As luck would (not) have it, in Prague.

I know I have promised to write more often when I’m in Europe, but to be frank this is the first time I have had some down time, just sitting down for a few hours and staying awake. Other times I had been simply walking around exploring and getting lost (my laptop lying forgotten in the hotel room) or collapsing either on a train couchettes or on my hotel bed out of exhaustion after the said walking.

So many things have happened over the past few days, and most of them have been really good. Apart from that day in Paris when we were panicking because we thought that we were going to miss the train but we actually ended up really early at the train station; or the time in the train from Paris to Berlin when I did not know I had to activate my Eurail tickets at the train station and almost cost my family a total of EUR 1,000 just to buy another set of tickets (luckily the ticket inspector took pity after a little bit of pleading, tear shedding and some help from a nice German passenger who shared our compartment). But other than those minor glitches, we have seen beautiful buildings and structures, eaten yummy food and ice cream and taken in much history lessons.

The point is travelling had been good so far.

Until Prague.

prague1 prague2

The city was very pretty alright, and I loved the rustic and ancient feel of it. But I think everyone has their own kind of luck with a city – some places are just meant to make your lives difficult and you just want to leave. Just like how Pisa was to me five years ago (I will write a post about my disastrous time there one day), by the end of it, I felt my money was cheated dry and I could not wait to leave Prague.

It started the moment we reached Prague. Our train arrived at 11 30 pm and we got there with no Krona. We had no idea how to take the metro either and it seemed that it was going to stop running soon. So we decided to take a cab to our hotel. For less than ten minutes’ ride, we were charged by the taxi driver 400 Krona (EUR 15), when in fact it should have cost around 100.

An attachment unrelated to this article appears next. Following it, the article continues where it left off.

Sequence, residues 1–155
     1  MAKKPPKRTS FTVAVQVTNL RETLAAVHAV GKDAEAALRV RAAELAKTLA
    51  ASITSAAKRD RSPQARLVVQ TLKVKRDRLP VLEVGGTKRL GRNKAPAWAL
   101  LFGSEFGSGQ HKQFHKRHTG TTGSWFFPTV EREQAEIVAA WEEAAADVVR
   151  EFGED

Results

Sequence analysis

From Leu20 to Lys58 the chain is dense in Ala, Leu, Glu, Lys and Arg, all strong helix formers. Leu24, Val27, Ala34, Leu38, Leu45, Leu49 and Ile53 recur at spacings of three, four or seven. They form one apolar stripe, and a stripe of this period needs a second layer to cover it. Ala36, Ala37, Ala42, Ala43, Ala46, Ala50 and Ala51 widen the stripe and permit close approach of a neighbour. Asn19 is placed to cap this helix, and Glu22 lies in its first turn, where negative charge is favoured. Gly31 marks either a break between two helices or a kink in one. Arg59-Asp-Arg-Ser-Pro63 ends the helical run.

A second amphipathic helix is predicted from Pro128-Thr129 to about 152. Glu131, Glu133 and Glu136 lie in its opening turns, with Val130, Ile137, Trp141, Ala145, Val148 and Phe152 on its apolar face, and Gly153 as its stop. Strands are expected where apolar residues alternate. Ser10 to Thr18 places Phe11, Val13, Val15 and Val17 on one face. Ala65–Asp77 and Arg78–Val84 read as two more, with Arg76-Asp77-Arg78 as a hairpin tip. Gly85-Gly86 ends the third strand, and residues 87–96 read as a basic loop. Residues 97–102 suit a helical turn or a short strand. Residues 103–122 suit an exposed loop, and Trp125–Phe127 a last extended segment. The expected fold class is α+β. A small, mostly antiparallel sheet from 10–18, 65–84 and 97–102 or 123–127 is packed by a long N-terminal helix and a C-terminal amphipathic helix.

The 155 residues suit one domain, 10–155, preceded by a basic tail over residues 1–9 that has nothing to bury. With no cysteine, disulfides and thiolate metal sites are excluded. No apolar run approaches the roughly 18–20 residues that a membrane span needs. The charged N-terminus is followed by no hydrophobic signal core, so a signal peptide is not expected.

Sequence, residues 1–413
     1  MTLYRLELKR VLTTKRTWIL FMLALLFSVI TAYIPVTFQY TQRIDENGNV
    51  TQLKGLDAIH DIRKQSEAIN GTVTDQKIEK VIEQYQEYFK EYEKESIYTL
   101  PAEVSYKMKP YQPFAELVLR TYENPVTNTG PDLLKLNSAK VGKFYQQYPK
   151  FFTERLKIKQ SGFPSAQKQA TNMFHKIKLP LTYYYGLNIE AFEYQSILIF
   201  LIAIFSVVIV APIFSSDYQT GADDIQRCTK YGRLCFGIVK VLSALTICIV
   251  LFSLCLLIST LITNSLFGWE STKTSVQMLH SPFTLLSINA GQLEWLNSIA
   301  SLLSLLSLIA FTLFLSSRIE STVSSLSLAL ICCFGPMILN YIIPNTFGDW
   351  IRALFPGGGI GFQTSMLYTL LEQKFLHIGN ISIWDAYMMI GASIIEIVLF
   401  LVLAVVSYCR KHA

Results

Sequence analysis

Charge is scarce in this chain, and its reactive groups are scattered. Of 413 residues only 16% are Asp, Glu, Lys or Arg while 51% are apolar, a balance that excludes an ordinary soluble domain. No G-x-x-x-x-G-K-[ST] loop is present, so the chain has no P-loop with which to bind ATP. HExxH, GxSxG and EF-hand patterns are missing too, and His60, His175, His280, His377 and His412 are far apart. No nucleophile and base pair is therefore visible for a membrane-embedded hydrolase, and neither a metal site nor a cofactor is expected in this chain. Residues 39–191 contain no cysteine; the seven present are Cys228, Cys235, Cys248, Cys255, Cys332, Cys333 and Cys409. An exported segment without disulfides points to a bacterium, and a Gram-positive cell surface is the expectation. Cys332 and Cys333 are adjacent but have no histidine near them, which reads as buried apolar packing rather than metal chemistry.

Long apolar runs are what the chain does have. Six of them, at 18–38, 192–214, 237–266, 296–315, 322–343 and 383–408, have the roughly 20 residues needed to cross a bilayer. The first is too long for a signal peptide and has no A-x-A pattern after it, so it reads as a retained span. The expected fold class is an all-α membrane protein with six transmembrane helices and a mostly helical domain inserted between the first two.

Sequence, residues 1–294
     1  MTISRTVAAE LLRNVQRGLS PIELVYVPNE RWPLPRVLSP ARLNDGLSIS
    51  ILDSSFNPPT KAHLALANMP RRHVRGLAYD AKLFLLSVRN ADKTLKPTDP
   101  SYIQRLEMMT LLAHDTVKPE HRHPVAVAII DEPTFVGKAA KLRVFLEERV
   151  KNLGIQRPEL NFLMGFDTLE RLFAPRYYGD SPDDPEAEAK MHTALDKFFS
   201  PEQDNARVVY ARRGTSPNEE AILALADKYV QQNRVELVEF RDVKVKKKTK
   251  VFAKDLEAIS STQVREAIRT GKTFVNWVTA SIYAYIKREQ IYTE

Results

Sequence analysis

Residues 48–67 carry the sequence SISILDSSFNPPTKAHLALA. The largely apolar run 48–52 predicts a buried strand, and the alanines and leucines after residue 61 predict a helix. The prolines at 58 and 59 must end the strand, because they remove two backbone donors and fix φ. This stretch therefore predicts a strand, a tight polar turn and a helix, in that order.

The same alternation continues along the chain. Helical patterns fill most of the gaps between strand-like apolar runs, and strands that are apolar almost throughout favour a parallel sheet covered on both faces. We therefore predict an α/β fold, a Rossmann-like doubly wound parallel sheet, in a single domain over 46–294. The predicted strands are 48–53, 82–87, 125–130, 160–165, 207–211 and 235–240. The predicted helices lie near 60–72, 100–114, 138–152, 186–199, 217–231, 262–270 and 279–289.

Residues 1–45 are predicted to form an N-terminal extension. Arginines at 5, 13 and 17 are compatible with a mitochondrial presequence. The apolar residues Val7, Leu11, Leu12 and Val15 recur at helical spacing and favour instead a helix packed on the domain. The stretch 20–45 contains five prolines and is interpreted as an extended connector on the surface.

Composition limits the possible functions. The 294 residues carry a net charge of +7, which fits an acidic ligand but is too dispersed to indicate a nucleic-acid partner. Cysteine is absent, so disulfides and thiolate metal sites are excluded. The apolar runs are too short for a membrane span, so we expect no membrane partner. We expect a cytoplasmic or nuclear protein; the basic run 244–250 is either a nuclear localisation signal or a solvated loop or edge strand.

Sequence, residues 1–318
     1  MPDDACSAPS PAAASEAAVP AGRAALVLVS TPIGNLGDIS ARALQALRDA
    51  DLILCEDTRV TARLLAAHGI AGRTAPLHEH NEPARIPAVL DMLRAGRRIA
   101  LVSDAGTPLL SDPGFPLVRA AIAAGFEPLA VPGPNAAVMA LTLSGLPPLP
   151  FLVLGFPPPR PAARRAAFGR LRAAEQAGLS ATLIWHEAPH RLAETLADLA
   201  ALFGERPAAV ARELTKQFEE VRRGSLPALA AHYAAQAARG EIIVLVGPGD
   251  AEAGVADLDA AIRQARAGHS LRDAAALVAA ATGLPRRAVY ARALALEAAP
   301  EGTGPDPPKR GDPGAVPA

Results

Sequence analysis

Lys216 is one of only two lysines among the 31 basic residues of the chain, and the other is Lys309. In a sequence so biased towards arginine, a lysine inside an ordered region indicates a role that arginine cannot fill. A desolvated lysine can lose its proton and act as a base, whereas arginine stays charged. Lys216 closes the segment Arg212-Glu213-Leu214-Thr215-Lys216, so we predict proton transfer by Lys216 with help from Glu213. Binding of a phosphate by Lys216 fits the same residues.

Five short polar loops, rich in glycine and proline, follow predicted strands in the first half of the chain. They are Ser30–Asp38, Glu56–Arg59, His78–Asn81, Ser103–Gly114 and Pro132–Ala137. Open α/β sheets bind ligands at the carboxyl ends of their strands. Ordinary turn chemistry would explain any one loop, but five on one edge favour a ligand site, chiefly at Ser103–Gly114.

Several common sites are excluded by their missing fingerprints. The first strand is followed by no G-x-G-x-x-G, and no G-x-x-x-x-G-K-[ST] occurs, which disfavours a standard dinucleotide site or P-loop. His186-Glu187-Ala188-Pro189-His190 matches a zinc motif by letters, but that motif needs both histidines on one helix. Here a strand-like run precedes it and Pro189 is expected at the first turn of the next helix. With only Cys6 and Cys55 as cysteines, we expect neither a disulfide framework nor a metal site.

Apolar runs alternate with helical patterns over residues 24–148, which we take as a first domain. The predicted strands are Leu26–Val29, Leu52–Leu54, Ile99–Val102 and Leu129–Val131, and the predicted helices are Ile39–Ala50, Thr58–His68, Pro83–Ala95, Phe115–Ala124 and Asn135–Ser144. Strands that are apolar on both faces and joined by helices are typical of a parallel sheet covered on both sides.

After rationalising and comforting ourselves, it was not so bad really, considering there were no other taxis and we had to get to the hotel anyway and five of us could squeeze into the cab with our luggage and would have otherwise needed two taxis in normal circumstances. So being charged twice the price did not hurt that bad.

Then came the second day when it rained on us for half a day, and we were drenched whenever we tried crossing the road. But it was alright in the end since we improvised and took the tram from one end of the line to the other and got to see the not so touristy part of Prague. We met a nice guy along the way as well who explained to us a little bit more about the ‘working class’ area where we ended up in.

And also because I got to have some ice cream and trdelník, it was a good day after all.

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The real disaster came just when we were about to leave the city this morning. We were rushing to take the Metro to Central Station. We went down two escalators with our massive luggage each when I was stopped by the station controller.

The thing that you have to know is that we had purchased the 24-hour public transport tickets the day before and had every single one validated and stamped when we boarded a tram. There was never an inspector throughout the day before when we were going around the city. However, as luck may have it, when an inspector did turn up, we discovered that we had misplaced one of the tickets and were accused that we did not have one of the tickets validated. Because of that, two of us were fined 800 Krona each (EUR 35). That’s 70 euros gone instantly because of a non-compassionate, non-understanding, non-smiling bearded metro inspector. What angered me even more was that, after closer scrutiny, the ticket that was accused not to have been validated did have the time stamp on it. But because we would have missed our train to Vienna had we taken more time to argue, we decided to leave it as it was and left him and the country alone 70 euros richer.

(And as I’m writing this, my mom just told us that we left two of our cakes in the hotel fridge in the rush to get out. It was some Czech cake and another one a cherry chocolate cake. I’m trying not to think about how good and comforting that would taste now.)

I would have loved to say that I love Prague just like how everyone else has been going on about the beautiful sights and the cheap beer. But right now, when I remember the city, all I could think of was the 70 euros that were forced out of me and the two massive cakes sitting in the hotel fridge. I hope some nice housekeeping lady will get to have that. At least that would make me feel slightly better.

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